Step III:Adding the Color Palette
The next step in the analysis is actually quite simple, but it makes the
data somewhat easier to examine visually.The SeaWiFS chlorophyll color
palette is added to the image.The color palette uses shades of purple and
blue for low chlorophyll concentrations, with green, yellow, orange, and
ultimately red for higher chlorophyll concentrations:
When the color palette is applied to the image, the result looks like this:
Now the variability of chlorophyll concentration is more easily perceived.
However, some of the detail is lost due to the fact that there are more
grayscale hues than color gradations in the palette, i.e., the chlorophyll
concentrations are "grouped" into various colors.
At the mouth of the Rio de la Plata estuary, the orange and red hues of the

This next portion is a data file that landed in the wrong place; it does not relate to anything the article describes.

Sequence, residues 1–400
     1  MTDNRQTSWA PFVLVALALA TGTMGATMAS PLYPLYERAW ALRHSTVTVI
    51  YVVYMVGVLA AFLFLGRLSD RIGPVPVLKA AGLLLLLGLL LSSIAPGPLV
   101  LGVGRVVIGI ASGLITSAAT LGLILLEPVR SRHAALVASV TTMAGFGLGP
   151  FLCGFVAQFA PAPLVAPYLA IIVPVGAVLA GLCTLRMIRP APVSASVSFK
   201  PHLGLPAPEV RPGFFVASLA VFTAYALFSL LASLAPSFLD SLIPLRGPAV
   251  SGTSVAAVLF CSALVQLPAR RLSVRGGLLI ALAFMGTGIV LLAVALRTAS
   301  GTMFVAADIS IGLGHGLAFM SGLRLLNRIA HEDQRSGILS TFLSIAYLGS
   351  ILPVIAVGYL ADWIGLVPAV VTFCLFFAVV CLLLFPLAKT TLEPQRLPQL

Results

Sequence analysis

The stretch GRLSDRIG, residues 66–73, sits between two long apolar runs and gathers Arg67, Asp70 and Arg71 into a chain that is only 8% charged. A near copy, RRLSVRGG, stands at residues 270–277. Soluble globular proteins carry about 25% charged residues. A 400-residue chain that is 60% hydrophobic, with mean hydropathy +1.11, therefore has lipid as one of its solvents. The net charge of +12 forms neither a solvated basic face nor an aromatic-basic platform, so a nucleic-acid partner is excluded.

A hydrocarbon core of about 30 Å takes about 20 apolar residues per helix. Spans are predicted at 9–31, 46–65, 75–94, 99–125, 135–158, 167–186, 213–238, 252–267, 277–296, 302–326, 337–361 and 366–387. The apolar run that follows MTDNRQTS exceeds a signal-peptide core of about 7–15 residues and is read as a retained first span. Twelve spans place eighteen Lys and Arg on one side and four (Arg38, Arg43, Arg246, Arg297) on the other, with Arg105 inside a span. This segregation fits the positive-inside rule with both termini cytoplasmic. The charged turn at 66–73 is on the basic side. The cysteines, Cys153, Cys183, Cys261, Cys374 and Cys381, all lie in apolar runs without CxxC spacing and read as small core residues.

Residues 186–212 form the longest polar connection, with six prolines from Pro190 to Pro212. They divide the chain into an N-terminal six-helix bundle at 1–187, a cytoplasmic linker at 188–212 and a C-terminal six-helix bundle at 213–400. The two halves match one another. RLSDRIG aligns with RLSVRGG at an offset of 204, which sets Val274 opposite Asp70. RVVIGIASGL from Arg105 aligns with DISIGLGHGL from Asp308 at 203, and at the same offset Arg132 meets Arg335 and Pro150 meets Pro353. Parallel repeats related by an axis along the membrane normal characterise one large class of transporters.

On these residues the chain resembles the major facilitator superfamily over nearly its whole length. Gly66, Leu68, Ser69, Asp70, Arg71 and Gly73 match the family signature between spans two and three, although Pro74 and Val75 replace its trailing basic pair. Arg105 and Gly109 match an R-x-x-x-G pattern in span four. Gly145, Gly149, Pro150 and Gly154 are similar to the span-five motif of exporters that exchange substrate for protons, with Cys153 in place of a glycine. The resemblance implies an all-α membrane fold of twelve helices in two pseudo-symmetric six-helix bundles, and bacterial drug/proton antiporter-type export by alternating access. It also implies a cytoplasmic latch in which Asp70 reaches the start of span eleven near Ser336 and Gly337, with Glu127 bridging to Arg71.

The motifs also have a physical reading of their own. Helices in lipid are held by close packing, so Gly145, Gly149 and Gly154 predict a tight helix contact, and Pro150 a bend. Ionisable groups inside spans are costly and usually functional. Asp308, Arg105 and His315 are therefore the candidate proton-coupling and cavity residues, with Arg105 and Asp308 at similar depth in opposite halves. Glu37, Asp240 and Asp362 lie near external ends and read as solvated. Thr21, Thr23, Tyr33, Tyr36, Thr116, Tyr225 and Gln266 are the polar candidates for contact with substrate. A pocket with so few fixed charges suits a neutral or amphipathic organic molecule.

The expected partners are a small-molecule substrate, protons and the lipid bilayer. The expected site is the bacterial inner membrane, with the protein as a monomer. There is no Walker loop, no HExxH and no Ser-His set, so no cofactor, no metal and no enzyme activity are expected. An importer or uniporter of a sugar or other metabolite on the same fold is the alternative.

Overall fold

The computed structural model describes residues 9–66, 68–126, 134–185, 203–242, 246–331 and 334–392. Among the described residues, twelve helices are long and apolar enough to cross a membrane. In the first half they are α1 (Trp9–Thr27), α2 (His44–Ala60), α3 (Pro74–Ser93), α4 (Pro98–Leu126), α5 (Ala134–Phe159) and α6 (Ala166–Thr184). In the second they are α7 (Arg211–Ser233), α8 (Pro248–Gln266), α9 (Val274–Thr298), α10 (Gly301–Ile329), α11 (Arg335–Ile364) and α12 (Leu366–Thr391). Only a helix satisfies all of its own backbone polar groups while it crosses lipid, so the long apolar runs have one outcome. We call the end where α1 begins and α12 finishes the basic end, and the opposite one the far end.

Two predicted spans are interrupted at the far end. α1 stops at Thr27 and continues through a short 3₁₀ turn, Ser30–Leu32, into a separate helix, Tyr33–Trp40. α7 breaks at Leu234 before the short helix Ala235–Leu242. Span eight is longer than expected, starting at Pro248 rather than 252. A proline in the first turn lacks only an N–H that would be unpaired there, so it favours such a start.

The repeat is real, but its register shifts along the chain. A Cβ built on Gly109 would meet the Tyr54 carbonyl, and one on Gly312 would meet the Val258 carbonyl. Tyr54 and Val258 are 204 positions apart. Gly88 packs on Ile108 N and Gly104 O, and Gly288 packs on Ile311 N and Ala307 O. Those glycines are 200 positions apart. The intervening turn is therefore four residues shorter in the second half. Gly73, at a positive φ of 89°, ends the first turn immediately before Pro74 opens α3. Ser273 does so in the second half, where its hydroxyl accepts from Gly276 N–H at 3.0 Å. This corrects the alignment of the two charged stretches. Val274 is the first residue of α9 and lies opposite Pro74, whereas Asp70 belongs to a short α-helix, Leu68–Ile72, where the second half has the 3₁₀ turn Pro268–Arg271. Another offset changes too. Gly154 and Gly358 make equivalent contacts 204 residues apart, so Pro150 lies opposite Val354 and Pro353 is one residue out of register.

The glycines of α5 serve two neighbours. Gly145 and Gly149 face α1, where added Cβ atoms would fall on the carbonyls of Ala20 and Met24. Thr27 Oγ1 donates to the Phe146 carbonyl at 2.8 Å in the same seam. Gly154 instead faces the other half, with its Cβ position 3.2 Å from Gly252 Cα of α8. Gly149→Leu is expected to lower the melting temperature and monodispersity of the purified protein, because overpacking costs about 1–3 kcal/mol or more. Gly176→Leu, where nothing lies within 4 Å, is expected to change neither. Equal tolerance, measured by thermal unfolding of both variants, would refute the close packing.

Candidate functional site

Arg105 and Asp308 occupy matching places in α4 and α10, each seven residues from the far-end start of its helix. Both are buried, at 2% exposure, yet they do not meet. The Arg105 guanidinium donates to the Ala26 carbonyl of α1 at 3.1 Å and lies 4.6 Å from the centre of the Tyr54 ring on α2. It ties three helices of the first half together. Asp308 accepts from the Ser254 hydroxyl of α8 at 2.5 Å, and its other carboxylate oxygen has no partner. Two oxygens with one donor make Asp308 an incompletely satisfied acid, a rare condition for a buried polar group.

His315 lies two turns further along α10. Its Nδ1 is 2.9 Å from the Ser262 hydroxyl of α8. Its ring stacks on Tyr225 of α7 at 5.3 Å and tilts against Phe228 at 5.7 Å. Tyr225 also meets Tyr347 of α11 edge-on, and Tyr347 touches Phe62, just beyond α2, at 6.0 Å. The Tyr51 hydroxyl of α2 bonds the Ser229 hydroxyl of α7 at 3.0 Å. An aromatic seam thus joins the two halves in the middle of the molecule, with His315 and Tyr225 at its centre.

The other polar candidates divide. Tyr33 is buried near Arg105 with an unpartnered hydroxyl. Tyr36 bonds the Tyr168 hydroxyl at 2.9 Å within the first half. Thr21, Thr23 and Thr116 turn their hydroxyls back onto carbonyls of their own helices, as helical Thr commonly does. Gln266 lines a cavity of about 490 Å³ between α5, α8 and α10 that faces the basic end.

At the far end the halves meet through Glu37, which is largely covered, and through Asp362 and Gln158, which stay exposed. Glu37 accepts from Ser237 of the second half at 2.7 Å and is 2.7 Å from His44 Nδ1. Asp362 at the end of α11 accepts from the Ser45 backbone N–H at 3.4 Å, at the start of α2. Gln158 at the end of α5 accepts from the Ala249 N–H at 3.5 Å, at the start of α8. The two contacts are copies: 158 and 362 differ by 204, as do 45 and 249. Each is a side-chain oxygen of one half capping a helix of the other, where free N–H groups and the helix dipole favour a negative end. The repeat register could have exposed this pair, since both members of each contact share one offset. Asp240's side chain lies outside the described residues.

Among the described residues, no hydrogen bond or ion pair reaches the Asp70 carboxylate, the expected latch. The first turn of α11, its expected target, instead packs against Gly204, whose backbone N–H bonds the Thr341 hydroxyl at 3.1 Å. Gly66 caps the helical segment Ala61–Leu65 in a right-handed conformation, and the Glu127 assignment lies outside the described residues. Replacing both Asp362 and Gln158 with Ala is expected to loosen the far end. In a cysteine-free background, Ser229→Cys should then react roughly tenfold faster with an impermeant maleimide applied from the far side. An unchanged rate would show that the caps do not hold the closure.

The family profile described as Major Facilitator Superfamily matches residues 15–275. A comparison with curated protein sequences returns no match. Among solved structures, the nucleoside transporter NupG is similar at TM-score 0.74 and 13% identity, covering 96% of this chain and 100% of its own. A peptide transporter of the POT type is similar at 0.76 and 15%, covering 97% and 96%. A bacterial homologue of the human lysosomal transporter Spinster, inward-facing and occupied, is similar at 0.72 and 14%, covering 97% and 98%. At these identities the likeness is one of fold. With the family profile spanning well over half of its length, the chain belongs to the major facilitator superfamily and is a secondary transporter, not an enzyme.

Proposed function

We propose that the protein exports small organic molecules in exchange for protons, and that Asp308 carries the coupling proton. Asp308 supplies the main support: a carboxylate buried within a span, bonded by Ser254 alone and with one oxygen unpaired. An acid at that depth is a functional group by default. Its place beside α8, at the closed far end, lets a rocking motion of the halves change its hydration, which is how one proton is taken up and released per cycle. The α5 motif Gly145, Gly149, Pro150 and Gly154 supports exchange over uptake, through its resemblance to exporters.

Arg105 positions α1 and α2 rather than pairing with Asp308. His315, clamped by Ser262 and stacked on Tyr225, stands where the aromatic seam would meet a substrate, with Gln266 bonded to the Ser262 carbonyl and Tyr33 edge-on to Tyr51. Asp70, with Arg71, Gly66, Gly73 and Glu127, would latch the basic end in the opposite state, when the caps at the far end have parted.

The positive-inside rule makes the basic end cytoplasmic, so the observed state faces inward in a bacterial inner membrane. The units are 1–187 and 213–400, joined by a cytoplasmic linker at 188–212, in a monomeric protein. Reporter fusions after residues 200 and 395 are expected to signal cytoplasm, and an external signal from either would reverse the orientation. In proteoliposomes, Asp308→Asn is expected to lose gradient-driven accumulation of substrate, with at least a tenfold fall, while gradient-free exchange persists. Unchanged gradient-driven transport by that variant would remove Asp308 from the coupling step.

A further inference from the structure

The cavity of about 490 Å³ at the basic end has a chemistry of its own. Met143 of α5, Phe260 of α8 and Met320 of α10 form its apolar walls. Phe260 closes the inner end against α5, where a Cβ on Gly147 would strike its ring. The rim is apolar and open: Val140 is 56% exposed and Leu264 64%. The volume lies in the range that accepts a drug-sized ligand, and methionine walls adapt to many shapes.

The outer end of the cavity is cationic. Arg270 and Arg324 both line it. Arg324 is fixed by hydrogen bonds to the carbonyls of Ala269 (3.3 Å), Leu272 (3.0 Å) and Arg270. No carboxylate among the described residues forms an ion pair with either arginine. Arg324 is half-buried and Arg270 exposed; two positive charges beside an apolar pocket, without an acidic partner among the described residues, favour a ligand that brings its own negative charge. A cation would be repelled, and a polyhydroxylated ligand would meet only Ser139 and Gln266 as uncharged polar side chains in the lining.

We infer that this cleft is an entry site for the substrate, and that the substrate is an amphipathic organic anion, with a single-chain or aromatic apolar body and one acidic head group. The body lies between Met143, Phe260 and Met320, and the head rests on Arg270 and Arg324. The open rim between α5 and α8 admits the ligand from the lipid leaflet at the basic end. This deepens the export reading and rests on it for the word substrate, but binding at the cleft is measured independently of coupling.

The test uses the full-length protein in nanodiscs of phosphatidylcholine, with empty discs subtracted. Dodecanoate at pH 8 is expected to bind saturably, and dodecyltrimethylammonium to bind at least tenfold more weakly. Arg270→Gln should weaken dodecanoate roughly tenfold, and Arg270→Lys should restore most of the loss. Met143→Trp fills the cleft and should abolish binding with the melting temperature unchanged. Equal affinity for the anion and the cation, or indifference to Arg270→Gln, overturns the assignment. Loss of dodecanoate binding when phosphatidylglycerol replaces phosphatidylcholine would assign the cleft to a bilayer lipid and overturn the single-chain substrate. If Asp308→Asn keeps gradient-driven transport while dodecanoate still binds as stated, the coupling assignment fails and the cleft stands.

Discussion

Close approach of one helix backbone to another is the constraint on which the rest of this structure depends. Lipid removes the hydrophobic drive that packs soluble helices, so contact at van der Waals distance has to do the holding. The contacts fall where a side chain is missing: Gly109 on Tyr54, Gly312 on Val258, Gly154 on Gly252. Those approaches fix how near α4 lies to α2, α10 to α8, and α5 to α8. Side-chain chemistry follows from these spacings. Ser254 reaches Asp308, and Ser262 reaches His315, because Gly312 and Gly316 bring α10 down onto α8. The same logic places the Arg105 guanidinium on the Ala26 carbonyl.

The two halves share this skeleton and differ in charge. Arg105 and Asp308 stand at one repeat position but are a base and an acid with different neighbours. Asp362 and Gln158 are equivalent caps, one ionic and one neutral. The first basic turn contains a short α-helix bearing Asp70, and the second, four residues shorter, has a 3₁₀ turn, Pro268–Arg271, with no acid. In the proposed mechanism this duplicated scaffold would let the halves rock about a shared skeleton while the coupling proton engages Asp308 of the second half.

palette can be seen.Those colors indicate high chlorophyll concentrations,
but are questionable due to the presence of high concentrations of sediment.
Ocean optical scientists are actively working on algorithms that can produce
reliable chlorophyll concentrations in turbid waters such as these.
The next step is to use the flags and masks that have been added to the data
to look for some particular conditions.
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